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Footballers' Wives: CSP sets record straight about physios working in football

5 July 2005 - 9:10am

Message to members and the general public regarding the forthcoming series of Footballers' Wives

The Chartered Society of Physiotherapy (CSP) has been made aware of storylines involving a female physiotherapist in the forthcoming series of Footballers' Wives.

We would like to make it clear to our members and the public in general that the portrayal of this character is in no way based on CSP advice.

The Society works hard to ensure that the physiotherapy profession is represented accurately on television and has worked with a number of production companies in recent months to advise on plot lines involving physiotherapists.

While we appreciate that Footballers' Wives is a lighthearted, character-based drama series, we were disappointed not to have been contacted by their researchers for advice about the reality of working as a physiotherapist to a football club.

Sammy Margo is a CSP member and former physio to Barnet FC. Speaking about her time in professional football and her thoughts on the series, she said:

'Working as a physio in professional football can be a glamorous career, but not for the reasons suggested by the TV show Footballers' Wives.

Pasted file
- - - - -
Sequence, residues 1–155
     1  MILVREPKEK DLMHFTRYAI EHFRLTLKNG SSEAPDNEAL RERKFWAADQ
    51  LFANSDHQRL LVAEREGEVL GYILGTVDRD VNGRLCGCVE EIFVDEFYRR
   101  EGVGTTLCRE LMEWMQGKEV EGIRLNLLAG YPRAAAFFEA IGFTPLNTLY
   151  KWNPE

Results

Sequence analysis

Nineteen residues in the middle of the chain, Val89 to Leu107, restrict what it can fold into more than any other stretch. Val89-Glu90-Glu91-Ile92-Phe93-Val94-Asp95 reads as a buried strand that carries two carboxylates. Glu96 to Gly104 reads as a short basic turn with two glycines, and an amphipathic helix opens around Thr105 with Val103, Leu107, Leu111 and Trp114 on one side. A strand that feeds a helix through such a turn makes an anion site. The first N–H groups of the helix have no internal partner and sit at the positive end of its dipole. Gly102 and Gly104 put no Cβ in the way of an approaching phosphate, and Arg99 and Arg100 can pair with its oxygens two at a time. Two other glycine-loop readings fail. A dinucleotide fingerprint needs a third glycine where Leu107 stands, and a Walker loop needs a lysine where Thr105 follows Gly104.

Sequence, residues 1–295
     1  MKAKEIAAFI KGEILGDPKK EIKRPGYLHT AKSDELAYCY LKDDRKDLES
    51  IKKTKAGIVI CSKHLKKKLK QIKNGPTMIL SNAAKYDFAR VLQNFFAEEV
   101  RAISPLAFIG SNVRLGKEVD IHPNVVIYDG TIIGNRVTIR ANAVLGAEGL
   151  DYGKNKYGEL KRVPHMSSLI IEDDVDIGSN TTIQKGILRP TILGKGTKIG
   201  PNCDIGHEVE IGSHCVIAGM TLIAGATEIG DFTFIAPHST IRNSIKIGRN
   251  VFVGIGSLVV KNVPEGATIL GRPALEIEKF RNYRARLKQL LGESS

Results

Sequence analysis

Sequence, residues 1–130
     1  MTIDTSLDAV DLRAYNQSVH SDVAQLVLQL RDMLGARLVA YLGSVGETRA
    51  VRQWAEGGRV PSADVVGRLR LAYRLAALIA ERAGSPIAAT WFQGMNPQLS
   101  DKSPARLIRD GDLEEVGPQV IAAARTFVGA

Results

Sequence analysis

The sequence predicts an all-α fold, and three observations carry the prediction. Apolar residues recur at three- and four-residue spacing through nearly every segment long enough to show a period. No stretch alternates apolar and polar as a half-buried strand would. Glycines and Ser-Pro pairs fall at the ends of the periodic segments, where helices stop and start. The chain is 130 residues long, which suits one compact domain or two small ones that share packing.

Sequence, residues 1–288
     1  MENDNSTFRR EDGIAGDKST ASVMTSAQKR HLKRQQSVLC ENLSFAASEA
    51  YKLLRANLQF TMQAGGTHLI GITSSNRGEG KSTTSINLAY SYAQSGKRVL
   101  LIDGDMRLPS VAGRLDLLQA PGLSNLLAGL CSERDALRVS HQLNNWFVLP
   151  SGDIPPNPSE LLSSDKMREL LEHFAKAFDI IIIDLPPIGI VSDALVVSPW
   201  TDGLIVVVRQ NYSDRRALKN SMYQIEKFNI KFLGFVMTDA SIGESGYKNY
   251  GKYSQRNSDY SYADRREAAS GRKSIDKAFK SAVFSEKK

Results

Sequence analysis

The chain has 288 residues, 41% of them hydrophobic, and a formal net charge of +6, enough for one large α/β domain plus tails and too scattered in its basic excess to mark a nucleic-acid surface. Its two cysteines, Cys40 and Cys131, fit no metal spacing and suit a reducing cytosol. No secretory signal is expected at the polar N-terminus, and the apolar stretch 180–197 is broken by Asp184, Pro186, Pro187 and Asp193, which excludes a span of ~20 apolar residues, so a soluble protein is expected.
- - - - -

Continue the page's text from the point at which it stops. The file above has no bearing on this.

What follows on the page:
'As a club physiotherapist, you are presented with many exciting professional opportunities - such as liaising with the management side over team selection and travelling as part of the squad. It is a shame that the show has decided not to focus on the reality of the job, which is to play a central role in managing and preventing injuries among players.'

To help people understand what club physiotherapists really do, the CSP has compiled a list of facts about physios working in professional football.

1. Becoming a chartered physiotherapist requires successful completion of an intensive degree course, including more than 1,000 hours of clinical practice. Many chartered physiotherapists who go on to build a career in professional football attend post-graduate courses in sports physiotherapy and sports medicine.

2. Football club physiotherapists play a key role in the management and prevention of injuries among players. They attend training sessions, deliver pre-match preparation including taping and massage, offer match-side support - including emergency management of acute injuries, and advise the club manager about which players are fit for selection.

3. A career as a physiotherapist in professional football can be very high profile and CSP members occupying these roles understand that they are often seen as role models by people hoping to enter the physiotherapy profession. They therefore strive to maintain exceptionally high standards of professional care and behaviour.

4. The Football Association recognises the value of employing chartered physiotherapists as a way of raising standards. As a result of joint working with the CSP, the FA now insists that all physiotherapists working with Premiership players are chartered.

5. Chartered physiotherapists working in football and across all areas of the profession follow a strict code of professional conduct and risk being struck off if they fail to maintain professional relationships with their clients at all times.

Ends

Media information

For more information please contact the CSP Press Office - 020 7306 6616 /28

The Chartered Society of Physiotherapy is the professional, educational and trade union body for the country's 42,000 chartered physiotherapists, physiotherapy students and assistants.

For previous press releases see www.csp.org.uk

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